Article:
Receipt of outpatient cardiac rehabilitation among heart attack survivors--United States, 2005

MMWR Morb Mortal Wkly Rep. 2008 Feb 1;57(4):89-94.

Abstract

Each year, approximately 865,000 persons in the United States have a myocardial infarction (i.e., heart attack). In 2007, direct and indirect costs of heart disease were estimated at approximately $277.1 billion. Cardiac rehabilitation, an essential component of recovery care after a heart attack, focuses on cardiovascular risk reduction, promoting healthy behaviors, reducing death and disability, and promoting an active lifestyle for heart attack survivors. Current guidelines from the American Heart Association (AHA) and the American Association of Cardiovascular and Pulmonary Rehabilitation emphasize the importance of cardiac rehabilitation, which reduces morbidity and mortality, improves clinical outcomes, enhances psychological recovery, and decreases the risk for secondary cardiac events. To estimate the prevalence of receipt of outpatient cardiac rehabilitation among heart attack survivors in 21 states and the District of Columbia (DC), data from the 2005 Behavioral Risk Factor Surveillance System (BRFSS) were assessed. The results of that assessment indicated that 34.7% of BRFSS respondents who had experienced a heart attack participated in outpatient cardiac rehabilitation. Outpatient cardiac rehabilitation for eligible patients after a heart attack is an essential component of care that should be incorporated into treatment plans. Increasing the number of persons who participate in cardiac rehabilitation services also can reduce health-care costs for recurrent events and reduce the burden on families and caregivers of patients with serious sequelae.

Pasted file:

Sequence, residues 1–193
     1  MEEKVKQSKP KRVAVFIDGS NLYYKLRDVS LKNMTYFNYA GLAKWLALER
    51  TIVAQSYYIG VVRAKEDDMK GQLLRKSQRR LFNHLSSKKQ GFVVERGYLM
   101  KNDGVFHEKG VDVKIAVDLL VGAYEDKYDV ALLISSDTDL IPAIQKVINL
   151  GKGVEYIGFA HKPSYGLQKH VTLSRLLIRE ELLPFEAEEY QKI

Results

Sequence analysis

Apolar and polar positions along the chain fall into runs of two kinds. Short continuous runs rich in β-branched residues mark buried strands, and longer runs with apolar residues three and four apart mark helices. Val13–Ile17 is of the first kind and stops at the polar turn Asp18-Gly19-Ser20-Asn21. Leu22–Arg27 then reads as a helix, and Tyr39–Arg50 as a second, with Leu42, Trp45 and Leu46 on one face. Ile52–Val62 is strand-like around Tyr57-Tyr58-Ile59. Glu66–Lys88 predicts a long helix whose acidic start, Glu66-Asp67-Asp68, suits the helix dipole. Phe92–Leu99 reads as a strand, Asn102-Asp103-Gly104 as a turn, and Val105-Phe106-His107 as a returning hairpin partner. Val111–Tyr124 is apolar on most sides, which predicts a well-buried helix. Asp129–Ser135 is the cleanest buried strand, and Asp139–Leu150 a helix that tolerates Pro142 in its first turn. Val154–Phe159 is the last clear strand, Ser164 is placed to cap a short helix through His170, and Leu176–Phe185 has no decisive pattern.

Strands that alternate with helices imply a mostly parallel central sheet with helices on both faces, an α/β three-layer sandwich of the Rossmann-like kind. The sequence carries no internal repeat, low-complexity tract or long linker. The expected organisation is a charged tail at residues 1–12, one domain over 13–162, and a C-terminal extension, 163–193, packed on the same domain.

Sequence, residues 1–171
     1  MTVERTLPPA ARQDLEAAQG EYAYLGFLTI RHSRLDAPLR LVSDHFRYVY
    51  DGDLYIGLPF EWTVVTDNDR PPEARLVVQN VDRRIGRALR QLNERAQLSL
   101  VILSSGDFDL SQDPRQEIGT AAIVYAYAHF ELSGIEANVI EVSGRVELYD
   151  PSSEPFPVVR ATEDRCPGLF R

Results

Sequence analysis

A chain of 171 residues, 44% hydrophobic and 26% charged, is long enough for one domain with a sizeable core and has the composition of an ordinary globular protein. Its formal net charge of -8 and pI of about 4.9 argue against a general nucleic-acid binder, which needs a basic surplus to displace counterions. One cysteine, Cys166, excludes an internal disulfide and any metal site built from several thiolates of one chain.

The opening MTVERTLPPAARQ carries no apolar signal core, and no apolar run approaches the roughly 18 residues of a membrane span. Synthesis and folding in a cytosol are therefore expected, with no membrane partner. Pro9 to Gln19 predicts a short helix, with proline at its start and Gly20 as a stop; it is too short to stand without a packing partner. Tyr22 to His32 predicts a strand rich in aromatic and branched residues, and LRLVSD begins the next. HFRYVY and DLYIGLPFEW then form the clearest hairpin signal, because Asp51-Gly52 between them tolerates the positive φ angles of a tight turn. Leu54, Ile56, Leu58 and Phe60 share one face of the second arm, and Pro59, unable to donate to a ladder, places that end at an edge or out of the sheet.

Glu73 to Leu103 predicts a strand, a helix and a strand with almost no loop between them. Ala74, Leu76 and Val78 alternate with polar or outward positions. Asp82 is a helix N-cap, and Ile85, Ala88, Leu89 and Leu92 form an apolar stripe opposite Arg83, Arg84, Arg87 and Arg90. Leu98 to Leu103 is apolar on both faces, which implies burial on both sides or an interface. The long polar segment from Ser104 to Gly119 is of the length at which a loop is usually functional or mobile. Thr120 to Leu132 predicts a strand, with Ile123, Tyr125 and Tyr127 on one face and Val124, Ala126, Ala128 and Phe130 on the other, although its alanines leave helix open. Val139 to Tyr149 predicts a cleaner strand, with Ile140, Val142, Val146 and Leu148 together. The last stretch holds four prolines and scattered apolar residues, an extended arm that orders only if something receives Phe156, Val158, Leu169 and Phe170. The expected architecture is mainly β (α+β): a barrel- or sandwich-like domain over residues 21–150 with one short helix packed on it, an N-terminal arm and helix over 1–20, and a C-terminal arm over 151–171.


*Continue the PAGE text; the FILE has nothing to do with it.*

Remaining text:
MeSH terms

  • Adult
  • Aged
  • Aged, 80 and over
  • Ambulatory Care / statistics & numerical data*
  • Behavioral Risk Factor Surveillance System
  • Female
  • Humans
  • Male
  • Middle Aged
  • Myocardial Infarction / rehabilitation*
  • Rehabilitation Centers / statistics & numerical data*
  • Survivors / statistics & numerical data
  • United States / epidemiology